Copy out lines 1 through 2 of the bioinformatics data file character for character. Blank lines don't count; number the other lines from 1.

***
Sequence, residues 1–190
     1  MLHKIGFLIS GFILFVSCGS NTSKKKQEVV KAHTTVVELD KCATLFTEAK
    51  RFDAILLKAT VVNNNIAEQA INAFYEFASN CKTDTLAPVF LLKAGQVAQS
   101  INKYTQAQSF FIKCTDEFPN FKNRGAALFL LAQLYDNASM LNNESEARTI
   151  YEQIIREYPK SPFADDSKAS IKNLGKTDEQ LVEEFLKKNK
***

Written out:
Sequence, residues 1–190
     1  MLHKIGFLIS GFILFVSCGS NTSKKKQEVV KAHTTVVELD KCATLFTEAK